The lawsuit filed in federal court in Madison targets restrictions enacted by the Republican Legislature under former Gov. Scott Walker. The lawsuit comes 10 days after Walker left office, replaced by Democratic Gov. Tony Evers.

Planned Parenthood wants to repeal laws requiring that only doctors perform abortions; women seeking medicine that causes abortions see the same doctor on two separate visits; and doctors be physically present when dispensing abortion-causing drugs.


5. Nothing About Us Without Us.

By George Weigel, First Things, January 16, 2019

The slogan “Nothing about us without us” was used by Solidarity in the 1980s in Poland, borrowing a royal motto from the Polish-Lithuanian Commonwealth in the mid-second millennium. Then, it was expressed in Latin: Nihil de nobis sine nobis. Later, it appeared in Polish on the banners of 19th-century Poles fighting their country’s partition by Russia, Prussia, and Austria: Nic o Nas bez Nas. Today, it’s often used by disability activists asserting their claim to be fully participant in society.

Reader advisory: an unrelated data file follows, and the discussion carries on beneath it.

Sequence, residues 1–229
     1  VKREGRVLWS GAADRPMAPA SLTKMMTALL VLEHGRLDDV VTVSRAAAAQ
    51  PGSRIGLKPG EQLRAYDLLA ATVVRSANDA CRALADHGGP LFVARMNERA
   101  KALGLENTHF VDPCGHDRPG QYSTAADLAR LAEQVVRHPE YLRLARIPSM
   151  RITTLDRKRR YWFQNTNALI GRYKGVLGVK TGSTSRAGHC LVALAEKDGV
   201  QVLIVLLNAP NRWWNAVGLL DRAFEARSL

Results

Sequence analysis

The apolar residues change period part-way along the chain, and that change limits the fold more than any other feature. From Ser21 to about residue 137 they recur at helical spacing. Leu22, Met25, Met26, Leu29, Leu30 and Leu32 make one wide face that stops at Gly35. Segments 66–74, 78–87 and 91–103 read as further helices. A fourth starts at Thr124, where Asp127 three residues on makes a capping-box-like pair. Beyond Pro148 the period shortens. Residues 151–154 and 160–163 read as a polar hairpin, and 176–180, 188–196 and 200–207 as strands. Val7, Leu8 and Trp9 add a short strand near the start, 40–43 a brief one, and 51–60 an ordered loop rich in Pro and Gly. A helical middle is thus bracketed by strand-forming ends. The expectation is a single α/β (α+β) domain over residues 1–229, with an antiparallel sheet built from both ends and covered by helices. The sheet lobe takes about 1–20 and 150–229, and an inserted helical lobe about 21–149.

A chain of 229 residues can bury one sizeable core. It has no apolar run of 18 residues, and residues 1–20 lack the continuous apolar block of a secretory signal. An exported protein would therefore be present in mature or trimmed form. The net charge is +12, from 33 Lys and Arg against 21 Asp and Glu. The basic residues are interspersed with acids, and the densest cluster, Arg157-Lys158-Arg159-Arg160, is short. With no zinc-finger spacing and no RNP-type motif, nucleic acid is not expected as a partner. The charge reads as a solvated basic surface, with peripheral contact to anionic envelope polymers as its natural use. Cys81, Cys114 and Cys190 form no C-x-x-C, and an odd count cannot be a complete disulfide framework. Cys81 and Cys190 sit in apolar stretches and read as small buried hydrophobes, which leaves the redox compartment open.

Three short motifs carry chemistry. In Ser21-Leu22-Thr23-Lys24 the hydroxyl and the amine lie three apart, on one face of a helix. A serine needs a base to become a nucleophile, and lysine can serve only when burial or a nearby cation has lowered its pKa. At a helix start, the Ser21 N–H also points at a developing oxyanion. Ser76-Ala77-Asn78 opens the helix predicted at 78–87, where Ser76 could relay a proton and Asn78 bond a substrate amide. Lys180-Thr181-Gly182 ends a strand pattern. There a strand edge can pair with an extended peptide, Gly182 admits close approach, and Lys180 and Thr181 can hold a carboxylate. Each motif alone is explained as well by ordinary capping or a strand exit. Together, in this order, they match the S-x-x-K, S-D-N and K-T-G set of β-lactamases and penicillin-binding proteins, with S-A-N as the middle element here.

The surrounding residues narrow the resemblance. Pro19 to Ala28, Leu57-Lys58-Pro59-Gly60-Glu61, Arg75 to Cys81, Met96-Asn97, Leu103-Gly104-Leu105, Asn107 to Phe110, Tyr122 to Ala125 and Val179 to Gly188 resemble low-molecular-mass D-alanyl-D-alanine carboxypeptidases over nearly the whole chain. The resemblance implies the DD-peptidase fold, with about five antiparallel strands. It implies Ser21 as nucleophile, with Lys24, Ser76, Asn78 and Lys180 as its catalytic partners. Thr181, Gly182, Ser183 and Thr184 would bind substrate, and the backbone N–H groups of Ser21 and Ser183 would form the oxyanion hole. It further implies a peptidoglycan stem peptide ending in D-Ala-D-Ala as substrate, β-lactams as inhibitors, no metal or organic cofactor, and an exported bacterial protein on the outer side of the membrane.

“Nothing about us without us” also applies to the Special Assembly of the Synod of Bishops for the Pan-Amazon Region, which will meet in Rome in October. 

That Synod will involve seven bishops’ conferences from nine Latin American countries who will consider their pastoral situation under the theme, “Amazonia: new paths for the Church and for an integral ecology.” As is usually the case in these meetings, the bishops at the Synod will work with materials drafted in Rome. Early indicators from the Synod’s preparatory document suggest that the Amazonian Synod will be longer on environmentalism than on theology. International media attention will doubtless focus on the Synod’s discussion of climate change and its relationship to Amazonian deforestation.  

Recent synodal history suggests, however, that more will be afoot at the Amazonian Synod than what its announced theme suggests.  


6. Ben Sasse Corners Democrats on Knights of Columbus Dispute in Judicial Nomination.